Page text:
A man says he has been summarily dismissed, without a hearing, for describing a fellow worker as a ‘black fellow’. Conflicting rights are always difficult to resolve – what do you think?

‘Black fellow’ tag costs man his job

I worked in quite a big factory in Victoria for about 3 months. From time to time I worked together with young Nigerian boy on the production line.

Last Thursday he was working with me together with few women. He disappeared and I asked women where did he go using description “black fellow”, since I couldn’t remember his name. Bit later on while working I had conversation with woman next to me regarding how fast different people work and I pointed at Nigerian boy using “black fellow” description how fast is he. She then told me that his name is such and such.

At the first break we were sitting together in canteen, including Nigerian boy and something was mentioned about me not remembering his name and calling him “black fellow”. There was sitting next to us Aboriginal man, he must have overheard our conversation because he got up and started to abuse me, saying that I “racially vilify” him and others Despite me trying to calm situation he kept making threats of physical violence and walked off.

Few minutes later I was called to the office and informed that I am stood down because of complaint of racial vilification. Next day I was sacked without being given chance of defending myself or confronting my accuser. To me it appears to be a breach of basic human rights and political correctness gone mad.

Thank You
Jake.

Ed: Discrimination and procedural unfairness are two-way matters: Jake could take his issue to one of many groups in Victoria. The Workplace Rights Advocate website has a good listing, with links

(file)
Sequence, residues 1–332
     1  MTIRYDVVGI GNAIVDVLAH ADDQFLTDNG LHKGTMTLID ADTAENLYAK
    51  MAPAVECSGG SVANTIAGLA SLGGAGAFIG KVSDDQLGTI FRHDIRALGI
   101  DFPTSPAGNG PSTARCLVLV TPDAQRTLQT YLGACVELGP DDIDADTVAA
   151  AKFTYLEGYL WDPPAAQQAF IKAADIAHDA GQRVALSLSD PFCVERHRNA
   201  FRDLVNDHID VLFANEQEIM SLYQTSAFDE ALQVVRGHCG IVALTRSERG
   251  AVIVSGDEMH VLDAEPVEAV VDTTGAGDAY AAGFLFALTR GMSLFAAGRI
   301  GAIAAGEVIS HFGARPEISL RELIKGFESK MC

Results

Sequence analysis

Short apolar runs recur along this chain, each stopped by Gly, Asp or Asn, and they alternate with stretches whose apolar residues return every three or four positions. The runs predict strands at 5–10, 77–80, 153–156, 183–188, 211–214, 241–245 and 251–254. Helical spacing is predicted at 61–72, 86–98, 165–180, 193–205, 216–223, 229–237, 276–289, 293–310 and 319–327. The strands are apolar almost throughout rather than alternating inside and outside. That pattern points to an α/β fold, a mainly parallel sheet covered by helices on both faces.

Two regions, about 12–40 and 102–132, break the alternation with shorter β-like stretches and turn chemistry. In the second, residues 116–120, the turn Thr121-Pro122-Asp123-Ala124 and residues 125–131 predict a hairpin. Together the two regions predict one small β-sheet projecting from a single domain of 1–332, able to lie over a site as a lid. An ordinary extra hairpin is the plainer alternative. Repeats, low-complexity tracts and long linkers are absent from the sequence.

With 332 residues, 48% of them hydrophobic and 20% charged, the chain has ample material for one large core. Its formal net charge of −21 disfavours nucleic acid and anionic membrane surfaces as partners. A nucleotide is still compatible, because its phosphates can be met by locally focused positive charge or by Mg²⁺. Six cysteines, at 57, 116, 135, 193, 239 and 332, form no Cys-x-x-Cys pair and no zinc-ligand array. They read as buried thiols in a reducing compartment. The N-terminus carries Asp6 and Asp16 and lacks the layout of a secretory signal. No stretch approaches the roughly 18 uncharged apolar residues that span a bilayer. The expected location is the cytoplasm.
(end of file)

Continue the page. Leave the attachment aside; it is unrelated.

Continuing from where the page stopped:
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5 Comments

  1. The saga goes on…
    It became obvious that company after talk to Equal Opportunity Commission official dropped accusations of racial vilification and jumped on wagon of discrimination. After she has spoken to me and tried to say that describing somebody by their special, physical or other attributes can be qualified as discrimination I did get copy of Equal Opportunity Act 2010, which is current law in Victoria. I studied definitions of discrimination and it would require great stretch of imagination to apply it to my case. I have great doubt that any court or any jury would stretch their imagination that far. The only think they could pin on me is, if use of such a phrase was banned in Australian legislation. That stems from the fact that Australians haven’t got freedom of speech guaranteed in Constitution or any Legislation, the only country in developed world.
    I still think that all this has to be clarified, in courts or otherwise, because we cannot live in constant fear and intimidation, not knowing what is discrimination and what not.
    I hope you all see my point. Jake


    Editor: This matter is now closed.

    Jacek
  2. Well, I got official word on that subject from Victorian Equal Opportunity and Human Rights Commission.